NASA is sending an SOS. Help the agency come up with a new name for the next flyby destination of New Horizons.

Space may be the final frontier, but the likelihood of humans living in any of the planets in the solar system is still high up in the air. Fortunately, you can still be part of the universe if you get to assist NASA in renaming (486958) 2014 MU69. Also called MU69, it is a classic Kuiper Belt object (KBO) that will be the next target of New Horizons after Pluto.

“New Horizons made history two years ago with the first close-up look at Pluto, and is now on course for the farthest planetary encounter in the history of spaceflight,” Science Mission Directorate associate administrator Thomas Zurbuchen said.

With an event as special and significant as this, the agency wants everyone to be part of it.

New Horizons Naming Campaign

Before you start coming up with the oddest names, NASA is making sure it’s not going to be the next Boaty McBoatface.

SETI Institute in California is currently hosting the campaign with New Horizons science team member and fellow Mark Showalter leading it. Anyone who likes to give a name can send it to the site.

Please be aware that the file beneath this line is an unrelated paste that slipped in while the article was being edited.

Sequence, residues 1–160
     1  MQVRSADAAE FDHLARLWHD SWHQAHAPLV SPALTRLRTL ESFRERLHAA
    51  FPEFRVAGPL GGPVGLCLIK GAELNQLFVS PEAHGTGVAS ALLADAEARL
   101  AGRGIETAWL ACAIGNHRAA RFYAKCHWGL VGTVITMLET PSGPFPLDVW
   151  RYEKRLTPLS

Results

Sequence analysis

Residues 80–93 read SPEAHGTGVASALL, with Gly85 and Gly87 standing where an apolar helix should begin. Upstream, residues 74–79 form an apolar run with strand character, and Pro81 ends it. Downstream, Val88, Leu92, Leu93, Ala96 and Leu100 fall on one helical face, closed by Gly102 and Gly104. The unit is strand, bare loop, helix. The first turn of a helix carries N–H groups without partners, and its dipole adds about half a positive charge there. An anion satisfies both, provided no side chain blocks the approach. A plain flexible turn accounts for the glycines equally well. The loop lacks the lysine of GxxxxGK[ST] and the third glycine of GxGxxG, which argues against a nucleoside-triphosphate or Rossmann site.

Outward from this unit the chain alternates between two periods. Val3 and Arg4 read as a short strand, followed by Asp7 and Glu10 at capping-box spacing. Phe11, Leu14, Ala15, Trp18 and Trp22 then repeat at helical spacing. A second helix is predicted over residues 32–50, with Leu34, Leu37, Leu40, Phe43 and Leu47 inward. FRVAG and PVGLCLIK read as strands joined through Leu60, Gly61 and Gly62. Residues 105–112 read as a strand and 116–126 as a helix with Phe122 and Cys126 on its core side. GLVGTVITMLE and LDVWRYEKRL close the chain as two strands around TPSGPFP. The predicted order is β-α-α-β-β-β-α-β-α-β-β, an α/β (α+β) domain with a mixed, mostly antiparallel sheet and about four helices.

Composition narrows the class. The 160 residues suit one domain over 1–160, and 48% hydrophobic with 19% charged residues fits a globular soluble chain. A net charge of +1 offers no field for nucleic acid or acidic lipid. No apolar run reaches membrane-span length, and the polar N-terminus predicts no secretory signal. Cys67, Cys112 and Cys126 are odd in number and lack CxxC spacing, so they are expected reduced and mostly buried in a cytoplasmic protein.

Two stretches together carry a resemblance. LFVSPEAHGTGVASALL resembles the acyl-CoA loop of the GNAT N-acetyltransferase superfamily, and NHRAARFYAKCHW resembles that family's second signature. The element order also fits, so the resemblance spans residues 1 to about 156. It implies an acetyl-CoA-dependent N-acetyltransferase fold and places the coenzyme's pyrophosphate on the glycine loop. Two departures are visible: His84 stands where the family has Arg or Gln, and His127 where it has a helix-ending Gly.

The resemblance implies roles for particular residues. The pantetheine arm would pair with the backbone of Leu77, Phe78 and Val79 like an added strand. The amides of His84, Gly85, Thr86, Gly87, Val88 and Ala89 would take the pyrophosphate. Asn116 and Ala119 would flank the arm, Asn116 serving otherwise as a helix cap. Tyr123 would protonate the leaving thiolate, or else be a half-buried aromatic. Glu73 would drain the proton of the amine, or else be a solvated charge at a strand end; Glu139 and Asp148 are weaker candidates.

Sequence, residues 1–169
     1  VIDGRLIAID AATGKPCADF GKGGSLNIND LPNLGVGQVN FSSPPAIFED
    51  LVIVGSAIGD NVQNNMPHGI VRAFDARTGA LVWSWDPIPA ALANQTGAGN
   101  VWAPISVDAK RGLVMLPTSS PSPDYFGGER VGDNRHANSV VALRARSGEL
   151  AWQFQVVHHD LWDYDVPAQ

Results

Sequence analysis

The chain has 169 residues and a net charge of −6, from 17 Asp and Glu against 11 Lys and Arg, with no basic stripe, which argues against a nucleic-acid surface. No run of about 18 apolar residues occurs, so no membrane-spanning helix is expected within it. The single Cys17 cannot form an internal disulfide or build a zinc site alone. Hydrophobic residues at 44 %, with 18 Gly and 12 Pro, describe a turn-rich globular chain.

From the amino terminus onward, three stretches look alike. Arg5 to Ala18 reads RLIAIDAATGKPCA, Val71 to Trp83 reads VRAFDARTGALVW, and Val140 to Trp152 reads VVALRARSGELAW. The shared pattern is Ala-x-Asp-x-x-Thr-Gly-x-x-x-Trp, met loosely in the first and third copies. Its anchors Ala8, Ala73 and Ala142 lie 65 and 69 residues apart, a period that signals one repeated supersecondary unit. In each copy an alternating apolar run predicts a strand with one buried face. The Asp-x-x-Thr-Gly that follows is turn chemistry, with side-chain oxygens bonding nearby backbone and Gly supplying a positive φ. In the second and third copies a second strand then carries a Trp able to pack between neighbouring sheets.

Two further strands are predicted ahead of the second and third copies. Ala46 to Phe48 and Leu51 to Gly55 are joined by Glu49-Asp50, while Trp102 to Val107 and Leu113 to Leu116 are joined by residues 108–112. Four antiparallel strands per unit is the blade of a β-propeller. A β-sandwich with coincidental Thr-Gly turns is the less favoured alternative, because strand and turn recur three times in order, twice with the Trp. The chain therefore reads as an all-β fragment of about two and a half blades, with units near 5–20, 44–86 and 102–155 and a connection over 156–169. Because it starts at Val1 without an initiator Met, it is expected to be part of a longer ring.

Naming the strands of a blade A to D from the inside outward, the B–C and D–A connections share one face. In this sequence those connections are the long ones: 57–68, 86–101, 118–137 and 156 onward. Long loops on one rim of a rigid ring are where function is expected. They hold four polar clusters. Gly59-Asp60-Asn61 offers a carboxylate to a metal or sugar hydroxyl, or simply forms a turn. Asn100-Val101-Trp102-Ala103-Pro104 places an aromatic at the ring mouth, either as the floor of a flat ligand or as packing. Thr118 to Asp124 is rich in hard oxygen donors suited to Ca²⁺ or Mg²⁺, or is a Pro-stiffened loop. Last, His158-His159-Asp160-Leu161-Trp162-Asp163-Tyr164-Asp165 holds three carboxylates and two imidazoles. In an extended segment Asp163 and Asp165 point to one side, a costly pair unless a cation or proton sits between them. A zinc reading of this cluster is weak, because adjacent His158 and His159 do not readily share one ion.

The team will then choose the best, and the selected names will be up for voting. The one with the most number of votes wins, although the final decision rests with the agency.

The campaign will end on Dec. 1 at noon Pacific Time, but the announcement of the winning name will be in early January 2018.

Not The Final Name

The chosen name, however, may not be formal or final. For one, NASA has to confirm whether MU69 is one or two objects orbiting each other. If it’s the latter, it may, therefore, need two names.

Moreover, it has to submit the name to the International Astronomical Union, which is responsible for the official designations of celestial bodies. This will take a much longer time since it won’t happen until New Horizons has already made a flyby on MU69 on Jan. 1, 2019. Nevertheless, until then, MU69 will use its newly selected name.

Historic Flyby

One thing is for sure: this flyby will be historic.

Found at the edge of the solar system and past Neptune’s orbit, the Kuiper Belt, where MU69 is, is an icy region shaped like a disc. It is a vast space composed of trillions of KBOs, which may include comets and even dwarf planets.

The fascination to reach it stems from many factors including finding the elusive Planet Nine, which is believed to be 10 times bigger than Earth. The other, and perhaps the more important, is finding KBOs that could be leftovers of the solar system’s birth. It’s also possible to find objects that may have previously belonged to another system.

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